“Water of Life” (detail), bronze by Stephen Broadbent, 1994. Photo by Rennett Stowe.

by Kelly Konya

after Carl Phillips

When he speaks of mindfulness and writes it off—
prayer is better suited but for what?—
I can tell he believes it, fathoms it clearly.
Sometimes a thing can seem lovely when it’s just
needing love, stripped of conviction and lying
somewhere in the cold, beyond tension.
Sometimes remembering that I’m doomed to fail—
that my body already contains the thing that will kill me—
keeps me almost steady, if steadiness is what flair
for a while brings—cigarettes (mine), silver bangle (his),
a timeline bookended by Septembers (ours)—
before it all rusts and fades like old fallow steel mills.
Before I had to defend myself, that I liked feeling in control,
before the beers and the silent disco, before envy
and a vile tattoo and the eventual that’ll kill you, you know,
the coffee shop on the corner was a bank—before that,
a school for young Catholic boys, the only remains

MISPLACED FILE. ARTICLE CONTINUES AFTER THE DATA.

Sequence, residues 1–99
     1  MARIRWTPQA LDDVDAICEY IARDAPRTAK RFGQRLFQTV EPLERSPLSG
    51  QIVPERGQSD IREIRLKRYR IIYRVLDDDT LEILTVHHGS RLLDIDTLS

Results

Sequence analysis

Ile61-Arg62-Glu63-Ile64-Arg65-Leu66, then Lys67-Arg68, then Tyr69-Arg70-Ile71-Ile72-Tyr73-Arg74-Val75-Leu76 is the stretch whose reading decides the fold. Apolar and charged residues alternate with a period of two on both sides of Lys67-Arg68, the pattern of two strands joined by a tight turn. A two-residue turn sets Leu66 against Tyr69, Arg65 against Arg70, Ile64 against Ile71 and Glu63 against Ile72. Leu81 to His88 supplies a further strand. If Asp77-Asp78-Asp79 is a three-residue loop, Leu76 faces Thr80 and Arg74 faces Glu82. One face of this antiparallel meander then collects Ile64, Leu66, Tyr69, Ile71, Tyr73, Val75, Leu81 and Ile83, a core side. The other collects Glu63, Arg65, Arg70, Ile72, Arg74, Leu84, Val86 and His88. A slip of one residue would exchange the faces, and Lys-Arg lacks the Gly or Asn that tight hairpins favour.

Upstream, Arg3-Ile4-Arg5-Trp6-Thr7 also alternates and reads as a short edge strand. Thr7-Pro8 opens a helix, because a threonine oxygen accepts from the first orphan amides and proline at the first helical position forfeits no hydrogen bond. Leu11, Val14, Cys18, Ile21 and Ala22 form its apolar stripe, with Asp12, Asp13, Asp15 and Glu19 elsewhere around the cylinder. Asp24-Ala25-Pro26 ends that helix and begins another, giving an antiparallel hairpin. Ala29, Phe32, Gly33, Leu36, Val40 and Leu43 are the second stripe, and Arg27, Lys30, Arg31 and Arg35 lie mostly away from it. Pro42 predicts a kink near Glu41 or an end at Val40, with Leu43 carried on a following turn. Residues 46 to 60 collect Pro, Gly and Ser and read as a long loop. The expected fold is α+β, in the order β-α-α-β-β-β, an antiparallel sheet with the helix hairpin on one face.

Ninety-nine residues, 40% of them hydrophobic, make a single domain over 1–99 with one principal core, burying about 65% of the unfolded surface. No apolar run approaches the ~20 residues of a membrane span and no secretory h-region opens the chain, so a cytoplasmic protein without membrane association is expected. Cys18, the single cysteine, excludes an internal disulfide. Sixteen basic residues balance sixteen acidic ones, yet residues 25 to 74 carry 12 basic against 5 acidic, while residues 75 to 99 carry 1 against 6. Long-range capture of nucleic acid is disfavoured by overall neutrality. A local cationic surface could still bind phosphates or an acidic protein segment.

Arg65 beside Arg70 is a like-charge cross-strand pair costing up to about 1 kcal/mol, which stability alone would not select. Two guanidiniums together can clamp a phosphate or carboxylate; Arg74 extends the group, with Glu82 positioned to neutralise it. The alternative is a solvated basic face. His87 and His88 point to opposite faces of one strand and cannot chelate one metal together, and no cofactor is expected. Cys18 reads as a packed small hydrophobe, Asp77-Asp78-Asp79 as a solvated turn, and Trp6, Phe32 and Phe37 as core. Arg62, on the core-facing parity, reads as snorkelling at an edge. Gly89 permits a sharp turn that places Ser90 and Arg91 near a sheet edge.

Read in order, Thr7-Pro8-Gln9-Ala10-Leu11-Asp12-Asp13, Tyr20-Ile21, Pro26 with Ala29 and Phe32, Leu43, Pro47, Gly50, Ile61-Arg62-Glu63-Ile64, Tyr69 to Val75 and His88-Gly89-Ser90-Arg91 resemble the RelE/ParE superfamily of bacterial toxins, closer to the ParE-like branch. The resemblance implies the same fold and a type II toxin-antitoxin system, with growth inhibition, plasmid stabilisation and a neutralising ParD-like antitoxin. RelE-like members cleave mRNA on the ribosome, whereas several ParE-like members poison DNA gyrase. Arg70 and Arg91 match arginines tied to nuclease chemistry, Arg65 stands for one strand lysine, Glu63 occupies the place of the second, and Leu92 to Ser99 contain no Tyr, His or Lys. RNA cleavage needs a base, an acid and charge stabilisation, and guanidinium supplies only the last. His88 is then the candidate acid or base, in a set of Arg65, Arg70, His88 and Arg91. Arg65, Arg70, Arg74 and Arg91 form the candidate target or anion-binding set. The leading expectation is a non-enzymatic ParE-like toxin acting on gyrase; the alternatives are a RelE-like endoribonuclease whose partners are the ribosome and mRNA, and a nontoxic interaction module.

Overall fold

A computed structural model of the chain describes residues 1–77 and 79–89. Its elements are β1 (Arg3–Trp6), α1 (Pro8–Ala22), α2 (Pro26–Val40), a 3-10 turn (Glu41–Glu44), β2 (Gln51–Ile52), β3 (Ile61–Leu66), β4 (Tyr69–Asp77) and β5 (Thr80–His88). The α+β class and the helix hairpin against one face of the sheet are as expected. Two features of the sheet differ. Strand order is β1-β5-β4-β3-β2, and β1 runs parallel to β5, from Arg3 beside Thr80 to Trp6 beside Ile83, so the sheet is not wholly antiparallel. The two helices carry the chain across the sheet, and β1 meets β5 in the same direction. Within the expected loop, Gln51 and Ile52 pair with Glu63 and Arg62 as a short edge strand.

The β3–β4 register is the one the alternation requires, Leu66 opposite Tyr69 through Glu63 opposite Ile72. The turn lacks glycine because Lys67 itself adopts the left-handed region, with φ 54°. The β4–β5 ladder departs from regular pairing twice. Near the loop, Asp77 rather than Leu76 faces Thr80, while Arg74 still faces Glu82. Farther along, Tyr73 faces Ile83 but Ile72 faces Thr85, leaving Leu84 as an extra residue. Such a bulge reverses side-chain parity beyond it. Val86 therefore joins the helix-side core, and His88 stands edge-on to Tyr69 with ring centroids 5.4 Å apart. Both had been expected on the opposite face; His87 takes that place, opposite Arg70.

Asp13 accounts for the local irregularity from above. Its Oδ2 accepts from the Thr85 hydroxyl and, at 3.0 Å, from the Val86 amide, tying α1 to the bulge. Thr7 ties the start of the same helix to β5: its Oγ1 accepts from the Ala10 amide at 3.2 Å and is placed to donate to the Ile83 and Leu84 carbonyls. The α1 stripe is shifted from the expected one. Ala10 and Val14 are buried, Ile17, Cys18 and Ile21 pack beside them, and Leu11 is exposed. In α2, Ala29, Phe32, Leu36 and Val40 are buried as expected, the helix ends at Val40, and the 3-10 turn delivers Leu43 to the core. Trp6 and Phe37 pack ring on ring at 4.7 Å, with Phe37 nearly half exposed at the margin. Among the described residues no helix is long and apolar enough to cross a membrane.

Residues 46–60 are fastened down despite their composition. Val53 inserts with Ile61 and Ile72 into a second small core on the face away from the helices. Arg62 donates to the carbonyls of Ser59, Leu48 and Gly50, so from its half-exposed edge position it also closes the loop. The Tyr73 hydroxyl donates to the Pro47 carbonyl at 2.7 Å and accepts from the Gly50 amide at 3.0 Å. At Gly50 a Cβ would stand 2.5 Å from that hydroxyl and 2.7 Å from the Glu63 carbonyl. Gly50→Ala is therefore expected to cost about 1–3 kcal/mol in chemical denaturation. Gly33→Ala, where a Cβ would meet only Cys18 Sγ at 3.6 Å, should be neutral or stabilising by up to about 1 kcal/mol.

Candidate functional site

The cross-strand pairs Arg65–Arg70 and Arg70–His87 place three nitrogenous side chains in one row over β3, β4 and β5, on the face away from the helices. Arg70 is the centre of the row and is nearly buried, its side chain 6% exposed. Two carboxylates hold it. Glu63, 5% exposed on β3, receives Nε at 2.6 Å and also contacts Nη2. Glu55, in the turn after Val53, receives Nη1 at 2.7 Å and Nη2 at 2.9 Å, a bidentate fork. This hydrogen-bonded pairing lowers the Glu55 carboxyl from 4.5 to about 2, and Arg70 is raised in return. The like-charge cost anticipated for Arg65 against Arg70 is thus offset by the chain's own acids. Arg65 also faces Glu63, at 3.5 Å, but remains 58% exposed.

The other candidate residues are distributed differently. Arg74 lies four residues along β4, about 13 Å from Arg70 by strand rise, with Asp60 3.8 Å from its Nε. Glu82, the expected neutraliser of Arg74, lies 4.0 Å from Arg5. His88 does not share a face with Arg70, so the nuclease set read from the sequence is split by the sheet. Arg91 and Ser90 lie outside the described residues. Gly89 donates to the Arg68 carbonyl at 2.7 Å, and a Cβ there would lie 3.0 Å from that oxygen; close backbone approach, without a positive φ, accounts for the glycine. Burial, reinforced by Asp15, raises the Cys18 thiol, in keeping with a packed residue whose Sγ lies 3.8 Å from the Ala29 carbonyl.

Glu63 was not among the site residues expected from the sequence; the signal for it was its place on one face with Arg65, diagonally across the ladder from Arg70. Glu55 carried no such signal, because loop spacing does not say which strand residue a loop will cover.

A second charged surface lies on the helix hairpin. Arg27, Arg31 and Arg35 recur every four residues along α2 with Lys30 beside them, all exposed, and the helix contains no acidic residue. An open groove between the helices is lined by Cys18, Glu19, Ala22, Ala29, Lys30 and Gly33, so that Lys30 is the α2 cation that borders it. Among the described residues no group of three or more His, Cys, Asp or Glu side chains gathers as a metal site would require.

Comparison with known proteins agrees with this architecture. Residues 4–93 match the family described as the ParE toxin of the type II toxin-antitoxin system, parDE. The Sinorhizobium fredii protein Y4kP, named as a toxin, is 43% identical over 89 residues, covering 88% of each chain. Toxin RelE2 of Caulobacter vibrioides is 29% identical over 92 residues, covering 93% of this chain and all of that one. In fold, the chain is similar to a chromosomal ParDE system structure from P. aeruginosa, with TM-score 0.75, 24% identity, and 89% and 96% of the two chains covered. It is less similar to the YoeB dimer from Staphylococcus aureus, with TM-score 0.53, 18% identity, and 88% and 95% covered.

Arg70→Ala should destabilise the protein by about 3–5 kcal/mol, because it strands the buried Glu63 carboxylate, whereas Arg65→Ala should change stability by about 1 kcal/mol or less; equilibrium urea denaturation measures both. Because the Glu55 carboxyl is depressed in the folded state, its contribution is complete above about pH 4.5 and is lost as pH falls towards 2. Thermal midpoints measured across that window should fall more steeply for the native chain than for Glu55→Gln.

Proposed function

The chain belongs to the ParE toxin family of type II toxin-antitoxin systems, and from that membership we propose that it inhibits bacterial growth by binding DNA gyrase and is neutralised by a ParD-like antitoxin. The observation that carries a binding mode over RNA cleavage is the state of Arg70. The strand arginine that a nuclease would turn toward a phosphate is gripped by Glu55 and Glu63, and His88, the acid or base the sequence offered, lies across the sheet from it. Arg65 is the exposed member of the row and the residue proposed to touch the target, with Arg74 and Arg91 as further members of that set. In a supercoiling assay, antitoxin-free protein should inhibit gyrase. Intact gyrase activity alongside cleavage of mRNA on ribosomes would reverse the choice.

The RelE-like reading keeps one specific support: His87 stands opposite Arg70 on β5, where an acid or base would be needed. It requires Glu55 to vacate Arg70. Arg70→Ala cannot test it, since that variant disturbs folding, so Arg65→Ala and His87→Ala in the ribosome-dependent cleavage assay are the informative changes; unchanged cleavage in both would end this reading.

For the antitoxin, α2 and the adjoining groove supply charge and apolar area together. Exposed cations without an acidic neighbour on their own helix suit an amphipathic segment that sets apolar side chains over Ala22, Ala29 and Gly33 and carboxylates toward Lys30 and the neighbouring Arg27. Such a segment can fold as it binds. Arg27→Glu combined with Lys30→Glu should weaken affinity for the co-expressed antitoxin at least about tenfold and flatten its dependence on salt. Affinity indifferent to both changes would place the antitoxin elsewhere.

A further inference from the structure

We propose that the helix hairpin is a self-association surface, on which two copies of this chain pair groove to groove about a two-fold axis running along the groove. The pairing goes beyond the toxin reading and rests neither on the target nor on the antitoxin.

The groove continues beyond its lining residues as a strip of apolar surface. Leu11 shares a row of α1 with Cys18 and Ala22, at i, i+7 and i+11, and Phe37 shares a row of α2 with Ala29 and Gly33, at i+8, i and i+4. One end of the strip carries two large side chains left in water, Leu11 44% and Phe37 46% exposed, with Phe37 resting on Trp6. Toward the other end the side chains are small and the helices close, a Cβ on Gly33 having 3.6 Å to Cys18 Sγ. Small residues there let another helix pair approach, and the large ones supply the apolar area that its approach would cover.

of which is a cross above the door framed with the phrase
I AM WHO AM, as if that much, at least, still remains
for us to consider, or should. If it’s true that transparency is
the honest-to-god truth, how come a made-up world
saves us from the rain? London, Cleveland—how delicate,
this holding of home in the mouth, the almost benign
trick of distancing for salvage the last signs of lust, lusting
like bees chasing honeycombs, frantic, eyeballs shaking…

First published in The Honest Ulsterman, entitled “Stay.”


Kelly Konya is a writer native to Cleveland, Ohio with a big love for Ireland. Her work has been featured in literary journals such as The Honest Ulsterman, Icarus, and Banshee.